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Saturday 14 November 2009

Jessica Chan (Piano)


Originally from Taiwan, Jessica Chan came to the UK at the age of 13 to study at the Purcell School for Specialist Young Musicians. Since her Royal Festival Hall debut as a concerto soloist in the same year, Jessica has continued to perform extensively in the UK and abroad. She has toured Singapore, Malaysia, and the USA, and performed in major UK venues such as the Barbican, St Martin-in-the-Fields, and the South Bank (including a recital as part of the Park Lane Group's New Year Series 2002).

As a concerto soloist, Jessica has worked with conductors such as Vernon Handley, Richard Dickins and Peter Bassano, and recently she won the First Prize at the International Mozart Competition in Greece. She was awarded the 'Most Distinguished Performance' prize at the Concours International de piano d'Orléans 2006. Other awards won include the Boise Foundation Award, the Hopkinson Gold Medal for two consecutive years, the Craxton Memorial Award, the Wendy Hall Scholarship and the Alfred Brendel Award.

Jessica has participated in masterclasses given by renowned pianists: Paul Badura-Skoda, Claude Frank, Leif Ove Andsnes, and most recently Dominique Merlet. In 2004, Jessica graduated with distinction from the MMus course at the Royal College of Music, where she studied with Professor Yonty Solomon. She has since been awarded the first Frank Bridge Doctorate Studentship and now, alongside her performing career, is also pursuing her DMus degree at the Royal College of Music on the interpretation of Frank Bridge's work Phantasm.

Jessica Chan is a Philip & Dorothy Green Young Concert Artist and is sponsored by the Making Music Young Artists Award Scheme.



SONATA in G major, K470 (Allegro) - DOMENICO SCARLATTI (1685 - 1757)
SONATA in B minor, K197 (Andante)
SONATA in D major, K29 (Presto)

SONATA in D major, K576 - W. A. MOZART (1756-1791)


SONATA no.1 in F minor op.1 - SERGE PROKOFIEV (1891-1953)

IMAGES (Book 1) - CLAUDE DEBUSSY (1862-1918)



SONATA in G major, K470 (Allegro) - DOMENICO SCARLATTI (1685 - 1757)
SONATA in B minor, K197 (Andante)
SONATA in D major, K29 (Presto)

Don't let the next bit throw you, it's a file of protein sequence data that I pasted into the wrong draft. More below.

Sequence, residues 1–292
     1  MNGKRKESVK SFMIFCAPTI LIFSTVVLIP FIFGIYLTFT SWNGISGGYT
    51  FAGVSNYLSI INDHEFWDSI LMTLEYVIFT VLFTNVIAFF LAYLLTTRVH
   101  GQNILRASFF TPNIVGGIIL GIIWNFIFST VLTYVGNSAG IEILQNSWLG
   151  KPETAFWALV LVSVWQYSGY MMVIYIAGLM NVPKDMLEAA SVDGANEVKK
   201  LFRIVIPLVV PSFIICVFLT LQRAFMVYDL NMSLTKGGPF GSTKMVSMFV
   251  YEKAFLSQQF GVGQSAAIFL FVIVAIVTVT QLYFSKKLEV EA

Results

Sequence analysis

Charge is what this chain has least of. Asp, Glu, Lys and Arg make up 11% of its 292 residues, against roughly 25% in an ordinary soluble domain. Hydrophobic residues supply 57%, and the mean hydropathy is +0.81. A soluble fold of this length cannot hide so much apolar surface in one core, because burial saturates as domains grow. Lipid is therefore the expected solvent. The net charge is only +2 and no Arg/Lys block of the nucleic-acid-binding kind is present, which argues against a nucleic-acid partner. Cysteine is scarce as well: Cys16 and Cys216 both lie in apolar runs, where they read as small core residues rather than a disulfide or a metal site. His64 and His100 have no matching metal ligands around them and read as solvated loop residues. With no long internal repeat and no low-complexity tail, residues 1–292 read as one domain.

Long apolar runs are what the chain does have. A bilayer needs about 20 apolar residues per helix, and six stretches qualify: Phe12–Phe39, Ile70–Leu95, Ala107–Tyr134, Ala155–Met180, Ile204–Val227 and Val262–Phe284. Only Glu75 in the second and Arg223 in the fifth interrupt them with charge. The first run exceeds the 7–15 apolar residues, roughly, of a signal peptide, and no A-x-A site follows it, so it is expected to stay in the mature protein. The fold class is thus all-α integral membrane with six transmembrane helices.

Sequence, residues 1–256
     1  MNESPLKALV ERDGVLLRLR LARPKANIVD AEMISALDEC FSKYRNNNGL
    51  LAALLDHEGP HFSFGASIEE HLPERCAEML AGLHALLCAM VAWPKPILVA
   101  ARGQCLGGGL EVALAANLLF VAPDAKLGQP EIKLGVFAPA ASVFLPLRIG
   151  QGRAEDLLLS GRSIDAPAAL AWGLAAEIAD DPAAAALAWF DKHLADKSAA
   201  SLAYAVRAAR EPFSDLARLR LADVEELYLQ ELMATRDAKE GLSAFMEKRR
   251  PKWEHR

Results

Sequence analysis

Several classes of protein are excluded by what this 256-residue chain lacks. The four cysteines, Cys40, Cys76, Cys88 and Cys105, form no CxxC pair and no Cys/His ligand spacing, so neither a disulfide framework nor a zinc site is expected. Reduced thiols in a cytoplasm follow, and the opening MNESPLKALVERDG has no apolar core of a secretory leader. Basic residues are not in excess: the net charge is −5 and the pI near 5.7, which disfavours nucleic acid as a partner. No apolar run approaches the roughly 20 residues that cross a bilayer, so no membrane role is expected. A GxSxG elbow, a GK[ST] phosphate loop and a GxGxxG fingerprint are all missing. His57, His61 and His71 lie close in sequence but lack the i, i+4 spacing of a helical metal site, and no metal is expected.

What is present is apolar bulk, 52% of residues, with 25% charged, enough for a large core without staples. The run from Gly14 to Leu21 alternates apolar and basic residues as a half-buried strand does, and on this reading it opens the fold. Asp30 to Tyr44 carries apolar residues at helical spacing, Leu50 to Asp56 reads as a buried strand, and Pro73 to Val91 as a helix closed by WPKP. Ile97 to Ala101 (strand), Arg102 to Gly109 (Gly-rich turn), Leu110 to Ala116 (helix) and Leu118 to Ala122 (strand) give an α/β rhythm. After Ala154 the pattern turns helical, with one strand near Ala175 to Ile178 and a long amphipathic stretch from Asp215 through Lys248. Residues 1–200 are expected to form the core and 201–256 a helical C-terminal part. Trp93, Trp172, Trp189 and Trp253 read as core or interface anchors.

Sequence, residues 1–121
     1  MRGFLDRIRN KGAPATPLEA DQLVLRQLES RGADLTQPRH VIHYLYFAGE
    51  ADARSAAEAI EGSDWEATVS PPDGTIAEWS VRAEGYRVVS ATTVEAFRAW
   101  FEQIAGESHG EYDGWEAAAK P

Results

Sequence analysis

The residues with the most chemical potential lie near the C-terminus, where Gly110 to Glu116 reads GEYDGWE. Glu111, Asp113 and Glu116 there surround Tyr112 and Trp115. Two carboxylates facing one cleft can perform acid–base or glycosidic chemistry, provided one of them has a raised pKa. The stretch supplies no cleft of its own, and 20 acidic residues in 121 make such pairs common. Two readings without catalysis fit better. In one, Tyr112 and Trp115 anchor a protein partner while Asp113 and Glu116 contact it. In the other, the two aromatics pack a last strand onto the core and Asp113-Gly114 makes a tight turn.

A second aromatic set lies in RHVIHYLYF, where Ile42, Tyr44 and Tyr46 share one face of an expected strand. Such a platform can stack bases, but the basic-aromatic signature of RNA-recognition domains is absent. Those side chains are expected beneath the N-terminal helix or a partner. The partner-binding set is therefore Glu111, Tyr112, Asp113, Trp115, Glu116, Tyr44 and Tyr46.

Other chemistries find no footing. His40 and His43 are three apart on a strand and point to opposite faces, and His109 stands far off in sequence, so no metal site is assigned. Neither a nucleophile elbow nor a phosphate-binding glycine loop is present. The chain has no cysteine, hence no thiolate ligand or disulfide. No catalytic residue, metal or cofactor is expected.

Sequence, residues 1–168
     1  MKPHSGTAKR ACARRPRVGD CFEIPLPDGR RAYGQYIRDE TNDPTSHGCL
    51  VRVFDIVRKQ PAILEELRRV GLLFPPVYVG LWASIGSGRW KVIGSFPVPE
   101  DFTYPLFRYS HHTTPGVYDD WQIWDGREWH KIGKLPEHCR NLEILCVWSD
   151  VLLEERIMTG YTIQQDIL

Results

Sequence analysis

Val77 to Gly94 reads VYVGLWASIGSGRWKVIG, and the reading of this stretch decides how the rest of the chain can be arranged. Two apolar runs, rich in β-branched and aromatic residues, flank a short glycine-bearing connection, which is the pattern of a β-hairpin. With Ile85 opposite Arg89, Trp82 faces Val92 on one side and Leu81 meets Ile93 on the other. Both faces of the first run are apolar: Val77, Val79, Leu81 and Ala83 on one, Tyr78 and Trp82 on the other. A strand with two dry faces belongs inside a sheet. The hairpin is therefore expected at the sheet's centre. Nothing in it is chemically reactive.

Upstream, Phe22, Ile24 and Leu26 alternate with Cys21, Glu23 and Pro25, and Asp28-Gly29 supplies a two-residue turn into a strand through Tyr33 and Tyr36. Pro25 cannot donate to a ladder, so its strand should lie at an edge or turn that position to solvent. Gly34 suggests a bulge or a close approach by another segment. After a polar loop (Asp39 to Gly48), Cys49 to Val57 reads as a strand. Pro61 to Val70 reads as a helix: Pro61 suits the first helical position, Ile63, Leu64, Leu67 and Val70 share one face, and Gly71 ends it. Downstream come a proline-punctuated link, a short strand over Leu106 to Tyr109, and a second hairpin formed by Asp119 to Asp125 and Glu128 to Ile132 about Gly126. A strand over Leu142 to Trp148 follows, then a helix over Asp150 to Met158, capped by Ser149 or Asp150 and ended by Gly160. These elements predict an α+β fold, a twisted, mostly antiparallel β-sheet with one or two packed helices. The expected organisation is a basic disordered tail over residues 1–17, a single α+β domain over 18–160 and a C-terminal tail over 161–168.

Although Scarlatti was born in Naples, most of his harpsichord works were composed in Madrid and other Spanish cities. In fact, during the later years of his life, he was under the patronage of Queen Maria Barbara of Spain and composed over five hundred harpsichord pieces, printed initially in eleven volumes!

The little single-movement sonatas are often difficult to identify and categorise. In the 1950s, the harpsichordist Ralph Kirkpatrick produced a definitive revision of an earlier catalogue of Scarlatti's works made by an Italian musician Alessandro Longo. Kirkpatrick defined each sonata with a 'K' number for easy identification. Regrettably for the music lover however, slight confusion still remains, since these pieces are occasionally referred to by both their 'K' numbers and also, at times, by their older 'L' (Longo) numbers.

Yet, however we choose to identify them, these totally charming miniatures may actually have been originally composed in pairs - one in a major key together with another in a corresponding minor key. Though these sonatas were written for the harpsichord, pianists have found that they transfer well to the modern piano. They are highly elegant and characteristic pieces and, though not profound, are both delightfully ebullient and intimately reflective.

SONATA in D major, K576 - W. A. MOZART (1756-1791)

This D major sonata by Mozart was written in Vienna in 1789 and was the last he composed for the piano. Many also feel that it is one of his most difficult sonatas. This mature work was composed not long after his final Symphony (No. 41 - Jupiter) and before the famous Clarinet Concerto a year or so later.

In many ways, this sonata can be seen to look backwards stylistically to an earlier musical period, in the imitative passagework of the first movement. However, the beautiful second movement, which starts in the key of A major, is florid and subtle in texture, and may perhaps look forward towards the work of Beethoven. The final Allegretto is a Rondo. With stylish, exciting and imitative piano triplets abounding in the pianist's left and right hand throughout this movement, the sonata ends with suitable panache.


These two works Berceuse and the Dramatic Fantasia date from 1901 and 1906 respectively. Frank Bridge, a fine conductor and string player, was born in Brighton and studied at the Royal College of Music in London. From 1906 until 1915, he was a regular viola player in both the celebrated Joachim Quartet and the English String Quartet. He was also a fine teacher and well known as the mentor of the young Benjamin Britten.